Travelling Exhibition


"Then God said: Let there be light; and there was light". ( Genesis 1:3)


Dear pastors, religious leaders, and friends.


We are honored to present an interesting educational project dedicated to the theme of means of light and ancient coins.

During our short lecture, its first part is dedicated to the the theme of light on the pages of the Holy Scriptures.

Light is an important matter in human life.

It is irreplaceable for the existence and activity of humans, and it has enormous meaning.


The Bible says: “The spirit of the man is the lamp of the Lord,” (Proverbs 20:27).


Light is used in many Biblical religious rituals.

According to Jewish tradition, a lamp is one of the objects

that a husband is obligated to provide for his wife (Tosefta, Ketubot 5:8).

It is stated that “a lamp brings peace to the house.”


"You, LORD, keep my lamp burning; my God turns my darkness into light," - exclaims the psalmist.


The attempt to keep light in the hours of darkness was life-defining for our ancestors.

The fire of bonfires, torches, candles, and splinters scared away dangerous animals and helped prevent getting lost in the darkness.


In the New Testament, light is used to symbolize God, faith, and holiness. 

Christians are called to not only walk in the light but be the light for others.

Jesus teaches:

"Let your light shine before others, that they may see your good deeds and glorify your Father in heaven." ( Matthew 5:16)


An oil lamp consists mainly of a container containing fuel and a space where the wick can burn.

This simple form evolved from a rudimentary open bowl where the wick rested on the rim, to highly efficient devices that contained both the fuel tank and the nozzle.

Both were usually decorated.


One of the questions, archaeologists ask when they discoverthe lamp is:

“What was the purpose of this lamp?”

Other questions that interest archaeologists are:

“How long does the lamp provide lighting?", and “Does this require pulling out the wick?”

These answers can help us determine in what way the lamps were part of religious ceremonies such as "Sabbath" or "Hanukkah" celebrations.


The ancient oil lamps exhibition will follow the explanation.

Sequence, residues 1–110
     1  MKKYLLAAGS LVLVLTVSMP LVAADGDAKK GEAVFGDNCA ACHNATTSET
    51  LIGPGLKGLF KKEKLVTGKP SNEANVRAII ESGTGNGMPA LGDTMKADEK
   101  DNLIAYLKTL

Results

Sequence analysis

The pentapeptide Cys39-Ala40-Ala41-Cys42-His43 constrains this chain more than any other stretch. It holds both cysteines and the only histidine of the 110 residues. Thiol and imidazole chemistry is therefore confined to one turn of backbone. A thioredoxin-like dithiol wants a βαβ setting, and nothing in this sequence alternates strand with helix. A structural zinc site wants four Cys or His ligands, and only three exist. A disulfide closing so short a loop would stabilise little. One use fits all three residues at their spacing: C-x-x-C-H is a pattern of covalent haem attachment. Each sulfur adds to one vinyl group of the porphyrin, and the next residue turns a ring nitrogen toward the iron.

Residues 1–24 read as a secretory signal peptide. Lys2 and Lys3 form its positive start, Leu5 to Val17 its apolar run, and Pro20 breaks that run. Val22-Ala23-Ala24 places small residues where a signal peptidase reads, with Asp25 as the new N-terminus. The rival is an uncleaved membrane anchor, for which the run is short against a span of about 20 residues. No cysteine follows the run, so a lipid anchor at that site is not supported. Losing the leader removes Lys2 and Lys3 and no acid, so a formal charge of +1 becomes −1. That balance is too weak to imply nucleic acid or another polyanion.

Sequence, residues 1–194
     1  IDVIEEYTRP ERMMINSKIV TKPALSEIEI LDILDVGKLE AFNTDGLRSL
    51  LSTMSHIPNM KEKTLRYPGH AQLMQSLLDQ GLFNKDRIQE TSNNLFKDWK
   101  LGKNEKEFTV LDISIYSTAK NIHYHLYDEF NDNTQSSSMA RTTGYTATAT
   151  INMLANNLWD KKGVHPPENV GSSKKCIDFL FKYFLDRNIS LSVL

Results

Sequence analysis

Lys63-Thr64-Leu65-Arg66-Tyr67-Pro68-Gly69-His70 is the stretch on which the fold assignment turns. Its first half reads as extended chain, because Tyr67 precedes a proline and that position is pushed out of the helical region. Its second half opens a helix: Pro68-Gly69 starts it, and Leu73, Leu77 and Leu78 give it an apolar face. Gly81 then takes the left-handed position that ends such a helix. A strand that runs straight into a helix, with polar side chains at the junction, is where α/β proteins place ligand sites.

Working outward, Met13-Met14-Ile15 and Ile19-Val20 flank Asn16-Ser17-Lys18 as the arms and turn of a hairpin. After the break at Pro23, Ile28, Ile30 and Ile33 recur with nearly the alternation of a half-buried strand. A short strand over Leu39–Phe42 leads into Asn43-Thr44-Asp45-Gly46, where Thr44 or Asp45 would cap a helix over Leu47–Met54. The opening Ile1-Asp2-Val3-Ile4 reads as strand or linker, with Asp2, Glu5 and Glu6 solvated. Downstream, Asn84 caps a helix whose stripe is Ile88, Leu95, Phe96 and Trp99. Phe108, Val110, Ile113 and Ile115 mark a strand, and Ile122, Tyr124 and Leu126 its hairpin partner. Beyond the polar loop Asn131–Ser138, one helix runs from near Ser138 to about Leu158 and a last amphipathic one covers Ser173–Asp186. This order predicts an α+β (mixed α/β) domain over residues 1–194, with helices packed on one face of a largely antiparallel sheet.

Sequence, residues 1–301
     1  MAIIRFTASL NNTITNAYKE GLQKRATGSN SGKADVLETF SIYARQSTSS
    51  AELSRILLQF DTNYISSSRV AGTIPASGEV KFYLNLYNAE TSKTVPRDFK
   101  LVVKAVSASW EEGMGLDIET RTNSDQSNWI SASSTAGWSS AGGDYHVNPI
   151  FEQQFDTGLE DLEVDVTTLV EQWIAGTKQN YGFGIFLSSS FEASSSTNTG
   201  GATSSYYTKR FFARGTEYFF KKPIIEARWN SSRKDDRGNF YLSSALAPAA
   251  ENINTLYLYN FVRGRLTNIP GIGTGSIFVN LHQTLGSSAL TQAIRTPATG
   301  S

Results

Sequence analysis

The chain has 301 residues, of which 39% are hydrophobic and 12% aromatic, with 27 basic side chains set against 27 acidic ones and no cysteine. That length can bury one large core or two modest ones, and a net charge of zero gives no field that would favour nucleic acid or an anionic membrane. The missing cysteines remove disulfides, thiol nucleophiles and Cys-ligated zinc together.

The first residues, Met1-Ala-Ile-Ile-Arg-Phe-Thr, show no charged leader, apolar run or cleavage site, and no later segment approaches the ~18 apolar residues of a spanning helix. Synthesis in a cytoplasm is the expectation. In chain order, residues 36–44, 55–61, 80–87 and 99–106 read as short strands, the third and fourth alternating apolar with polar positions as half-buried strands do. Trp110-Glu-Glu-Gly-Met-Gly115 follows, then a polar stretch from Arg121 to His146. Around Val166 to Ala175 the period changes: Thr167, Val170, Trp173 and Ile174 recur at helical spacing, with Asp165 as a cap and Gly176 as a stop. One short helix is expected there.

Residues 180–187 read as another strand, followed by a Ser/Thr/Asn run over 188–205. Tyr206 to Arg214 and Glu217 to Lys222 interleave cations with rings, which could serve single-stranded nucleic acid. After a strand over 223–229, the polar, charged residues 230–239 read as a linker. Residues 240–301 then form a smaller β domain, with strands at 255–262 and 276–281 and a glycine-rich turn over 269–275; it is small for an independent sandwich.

“It is beyond doubt that in coins lies a treasure which offers almost the only chance of penetrating the darkness that still envelops so much of history”

Robert A. G. Carson (British Museum)


There is no better way to learn the history of the Holy Land than through coins. This knowledge of can be also very beneficial for children.

For instance you will understand why no Jewish coins were minted showing a portrait or that the first Jewish coins were not struck until 40 years after the Syrian King Antiochus the Seventh had granted the Jewish ruler Simon the Maccabeus a permission.



Ancient Jewish symbols depicted on coins can be explained, such as The Temple seven-branched candelabrum (Menorah) on a coin struck by the last Maccabean king and the Roman Augur’s Wand (Roman ritual wand called lituus, a crooked wand used in ancient Roman religion) on the coins issued in the year of Jesus’ execution. You will hear the stories of the "widow’s mite"  (Luke 21:1-4), and "tribute penny" ( Matthew 20:20-21).


Modest coins exhibition will follow the explanation.

Our traveling exhibition displays ancient devices, such as oil lamps  that were mainly created and manufactured to make light in human dwellings, public places, and sanctuaries and ancient coins from the Holy Land.

Dear pastors and religious leaders!

Our exhibition is an interesting tool, vividly helping to understand the Bible and its teachings and in the

absence of an opportunity to travel to the Land of the Bible we are bringing it to you!


Many thanks and Shalom!

Mark Gershom, licensed tour guide in Israel.